Spherical Storytelling
December 3, 2007 6:16 PM   Subscribe

More examples.
posted by Dave Faris at 6:18 PM on December 3, 2007 [1 favorite]

Whoa. That's pretty dang cool.
posted by brundlefly at 6:42 PM on December 3, 2007

Very neat. It would be great if there was better scrubbing back and forth along the video. Maybe there is on a faster connection, I dunno. It would really feel like something out of that Denzel Washington movie Deja Vu.
posted by Rock Steady at 6:46 PM on December 3, 2007

I could watch the whale one for hours.
posted by brundlefly at 6:48 PM on December 3, 2007

Neat camera (and amazing whale video), but really shitty presentation of the data. I want to see the whole 360° at once, without needing to pan around! As it is now, we're always missing half of it. It should be done like this (which, as a bonus, doesn't require flash to view).
posted by finite at 6:58 PM on December 3, 2007

[cue queue of patent infringement lawsuits]
posted by finite at 7:01 PM on December 3, 2007 [1 favorite]

The whale one is unbelievably cool.
posted by rtha at 7:07 PM on December 3, 2007

[cue queue of patent infringement lawsuits]

Heh. There are a bunch of mefites that chime in when patent law comes up saying that software patents are the best thing since sliced bread. But this certainly violates some patents, and if the developers had done a patent search, and found out about it, they probably never would have even started coding.

The fact is, almost all software wouldn't have been written if software authors had to spend their time doing patent searches. Modern web browsers all violated the Eolas plug-in patent, and patent violation is what allowed something like Flash to exist in the first place.
posted by delmoi at 7:15 PM on December 3, 2007

Oh, and about this: The depth of field in the x-axis is way to high, giving passing buildings a huge curved effect. The same thing isn't true of the y-axis so it ends up being very weird looking. At least in the city view one I looked at.
posted by delmoi at 7:17 PM on December 3, 2007

This was an easy development to predict years ago after pano photos came out, I'm only surprised it's taken this long (or maybe it's not new?). The next step is to allow the viewer the ability to decide where to go, instead of a pre-scripted trajectory. This has already been done with pano still shots.
posted by stbalbach at 7:34 PM on December 3, 2007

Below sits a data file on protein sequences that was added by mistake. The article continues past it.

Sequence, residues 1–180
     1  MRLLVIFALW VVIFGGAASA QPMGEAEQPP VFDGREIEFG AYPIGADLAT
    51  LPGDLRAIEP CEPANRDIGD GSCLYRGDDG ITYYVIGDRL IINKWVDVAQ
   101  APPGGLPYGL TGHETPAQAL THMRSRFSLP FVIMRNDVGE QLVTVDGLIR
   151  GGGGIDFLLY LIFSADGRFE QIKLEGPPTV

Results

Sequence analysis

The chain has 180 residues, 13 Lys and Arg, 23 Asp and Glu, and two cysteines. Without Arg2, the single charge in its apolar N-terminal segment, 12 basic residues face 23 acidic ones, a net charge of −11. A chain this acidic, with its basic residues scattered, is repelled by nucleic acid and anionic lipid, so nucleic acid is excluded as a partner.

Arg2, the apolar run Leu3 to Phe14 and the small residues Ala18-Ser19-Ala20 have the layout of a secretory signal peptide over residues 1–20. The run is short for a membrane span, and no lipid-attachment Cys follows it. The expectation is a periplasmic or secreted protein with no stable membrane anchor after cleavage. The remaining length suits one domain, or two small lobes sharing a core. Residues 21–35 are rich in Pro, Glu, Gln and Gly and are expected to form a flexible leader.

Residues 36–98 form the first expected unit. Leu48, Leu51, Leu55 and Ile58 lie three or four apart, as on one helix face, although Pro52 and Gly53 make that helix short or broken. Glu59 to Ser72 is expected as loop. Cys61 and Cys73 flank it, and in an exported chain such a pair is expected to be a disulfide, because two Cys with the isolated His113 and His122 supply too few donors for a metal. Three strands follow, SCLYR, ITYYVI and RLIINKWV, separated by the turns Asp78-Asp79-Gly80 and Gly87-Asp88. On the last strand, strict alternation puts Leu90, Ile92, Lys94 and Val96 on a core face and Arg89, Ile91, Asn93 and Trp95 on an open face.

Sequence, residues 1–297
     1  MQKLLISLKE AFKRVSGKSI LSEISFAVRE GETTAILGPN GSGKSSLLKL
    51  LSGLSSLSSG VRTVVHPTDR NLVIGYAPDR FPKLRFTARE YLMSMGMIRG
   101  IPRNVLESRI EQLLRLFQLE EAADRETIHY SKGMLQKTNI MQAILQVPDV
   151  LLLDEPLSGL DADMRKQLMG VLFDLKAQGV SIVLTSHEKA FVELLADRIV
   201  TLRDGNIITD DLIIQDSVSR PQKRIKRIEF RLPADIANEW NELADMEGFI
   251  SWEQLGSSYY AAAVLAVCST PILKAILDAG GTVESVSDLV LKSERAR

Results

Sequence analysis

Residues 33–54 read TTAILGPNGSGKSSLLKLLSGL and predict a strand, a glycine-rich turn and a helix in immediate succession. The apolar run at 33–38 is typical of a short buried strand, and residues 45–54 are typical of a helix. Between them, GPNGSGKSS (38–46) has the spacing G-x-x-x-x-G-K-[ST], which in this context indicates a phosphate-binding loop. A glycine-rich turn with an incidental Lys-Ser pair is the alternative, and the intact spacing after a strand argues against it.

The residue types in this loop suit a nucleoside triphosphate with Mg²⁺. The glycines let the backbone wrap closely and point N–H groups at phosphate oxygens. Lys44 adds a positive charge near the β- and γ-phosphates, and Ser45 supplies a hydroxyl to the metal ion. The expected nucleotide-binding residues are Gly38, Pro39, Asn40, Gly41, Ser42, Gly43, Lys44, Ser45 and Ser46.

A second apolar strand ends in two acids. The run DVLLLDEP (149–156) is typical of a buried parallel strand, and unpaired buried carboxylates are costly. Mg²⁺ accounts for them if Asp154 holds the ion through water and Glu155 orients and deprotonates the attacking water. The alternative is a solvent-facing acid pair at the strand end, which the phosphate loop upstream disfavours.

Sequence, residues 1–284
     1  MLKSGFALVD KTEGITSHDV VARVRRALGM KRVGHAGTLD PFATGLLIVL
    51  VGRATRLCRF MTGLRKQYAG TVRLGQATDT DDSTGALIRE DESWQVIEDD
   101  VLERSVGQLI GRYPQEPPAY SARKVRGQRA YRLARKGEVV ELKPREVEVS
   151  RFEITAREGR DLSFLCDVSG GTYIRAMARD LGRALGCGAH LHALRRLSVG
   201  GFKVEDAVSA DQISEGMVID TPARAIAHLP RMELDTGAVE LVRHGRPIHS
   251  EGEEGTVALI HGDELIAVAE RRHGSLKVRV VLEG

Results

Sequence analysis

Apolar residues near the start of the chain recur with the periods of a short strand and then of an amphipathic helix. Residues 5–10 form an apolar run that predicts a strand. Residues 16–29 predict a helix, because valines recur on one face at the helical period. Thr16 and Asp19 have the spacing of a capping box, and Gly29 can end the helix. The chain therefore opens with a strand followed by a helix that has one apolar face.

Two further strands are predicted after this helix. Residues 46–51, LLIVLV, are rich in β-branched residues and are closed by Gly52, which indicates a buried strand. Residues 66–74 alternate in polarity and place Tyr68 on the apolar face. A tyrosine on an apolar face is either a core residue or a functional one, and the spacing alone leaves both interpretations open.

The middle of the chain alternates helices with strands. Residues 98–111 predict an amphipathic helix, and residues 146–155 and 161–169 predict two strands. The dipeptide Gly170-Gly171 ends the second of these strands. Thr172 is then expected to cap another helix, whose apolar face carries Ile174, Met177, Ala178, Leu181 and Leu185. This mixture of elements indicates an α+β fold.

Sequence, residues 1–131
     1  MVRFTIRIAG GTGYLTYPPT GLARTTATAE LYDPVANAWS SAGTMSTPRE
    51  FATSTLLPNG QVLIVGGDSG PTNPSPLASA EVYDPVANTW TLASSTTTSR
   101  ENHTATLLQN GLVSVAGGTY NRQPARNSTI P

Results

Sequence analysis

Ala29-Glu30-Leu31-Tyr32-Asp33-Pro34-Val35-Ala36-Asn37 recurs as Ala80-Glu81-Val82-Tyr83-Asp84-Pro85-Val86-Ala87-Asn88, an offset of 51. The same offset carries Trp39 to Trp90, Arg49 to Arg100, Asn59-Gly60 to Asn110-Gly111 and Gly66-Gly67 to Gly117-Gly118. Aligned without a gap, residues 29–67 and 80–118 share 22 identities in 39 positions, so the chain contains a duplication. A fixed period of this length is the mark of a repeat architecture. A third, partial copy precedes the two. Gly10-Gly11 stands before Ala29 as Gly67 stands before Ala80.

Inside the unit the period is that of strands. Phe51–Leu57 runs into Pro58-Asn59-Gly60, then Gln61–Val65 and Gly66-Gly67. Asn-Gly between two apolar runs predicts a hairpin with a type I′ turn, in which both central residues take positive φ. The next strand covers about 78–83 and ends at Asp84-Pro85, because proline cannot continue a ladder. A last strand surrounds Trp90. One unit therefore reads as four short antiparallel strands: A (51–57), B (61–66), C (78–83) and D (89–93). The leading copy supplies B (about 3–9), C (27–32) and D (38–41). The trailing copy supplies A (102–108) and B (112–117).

It strikes me as an obvious idea, with mediocre execution, at least over my connection. Even with pre-loading the whole movie it seems to drop resolution when running, requiring a pause to see the detail. Not what I want to see.

Also, I really dislike the geometry of the view and it lacks the pan and zoom feature that quicktime spherical views have had for years and years. If I'm going to be pausing to see the content I want to be able to zoom in.

I hope they keep going with it, but it isn't there yet.
posted by meinvt at 8:14 PM on December 3, 2007

Wow. Video games just got a lot cooler.
posted by tehloki at 8:28 PM on December 3, 2007

They need a scrollbar or other gui control, rather then using dragging to pan.
posted by delmoi at 8:36 PM on December 3, 2007

Definitely done before, but very hard to productize. See the defunct ipix. (Their research arm, specifically.)
posted by abulafa at 8:57 PM on December 3, 2007

That's really cool. Is a fisheye lens really necessary, though? That distortion works for some situations, but a simple wide angle would be fine. This has big potential.
posted by zardoz at 9:01 PM on December 3, 2007

>< Doesn't work for me with firefox portable.
posted by Baby_Balrog at 9:06 PM on December 3, 2007

Yikes, that distorted city view reminds me of some bad trips I've had. No thanks.
posted by puke & cry at 9:29 PM on December 3, 2007

It says on their homepage that their technology is patented, so at least the PTO disagrees with you, delmoi -- what patent lawsuit are you talking about here? I have no idea what you're hypothesizing -- do you?
posted by spiderwire at 10:58 PM on December 3, 2007

I can't wait for the Rule 34 versions.
posted by sfts2 at 11:40 PM on December 3, 2007

This is really, really cool. I don't care if there is lens distortion, I CAN LOOK ALL AROUND WHILE IT MOVES.
posted by Mister Cheese at 1:07 AM on December 4, 2007

Mister Cheese is right, being able to Look Around instead of just Looking At is a major difference. Vertical movement (ie, Looking Up) would be even better.
posted by Tzarius at 2:05 AM on December 4, 2007

It does sort of fly in the face of normal video/motion picture storytelling though. It'd be hard to notice what you're supposed to focus on.

As for the distortion, they address some of that in the "how it's made" demo, where they describe a way of projecting the video onto a largish dome, for a community viewing experience. Displayed in a flat format, as it's done here, just accentuates the distortion.

On one of the pages, there's a link to an article for another application of the system -- one you're probably already aware of. But they also mention how they can only shoot five hours a day due to the changing angle of the sun, which I thought was sort of curious.
posted by Dave Faris at 4:58 AM on December 4, 2007 [1 favorite]

The whale thing didn't seem to be keystoned as badly as the city one though; why is that I wonder? Different hardware?
posted by Mister_A at 6:17 AM on December 4, 2007

No streets to accentuate the forced perspectives?
posted by Dave Faris at 9:43 AM on December 4, 2007 [1 favorite]

Yea looking through the other videos I think that is it. Seems like natural surroundings may be more effective in general, no straight lines to bend....

Thanks Dave!
posted by Mister_A at 7:44 AM on December 5, 2007

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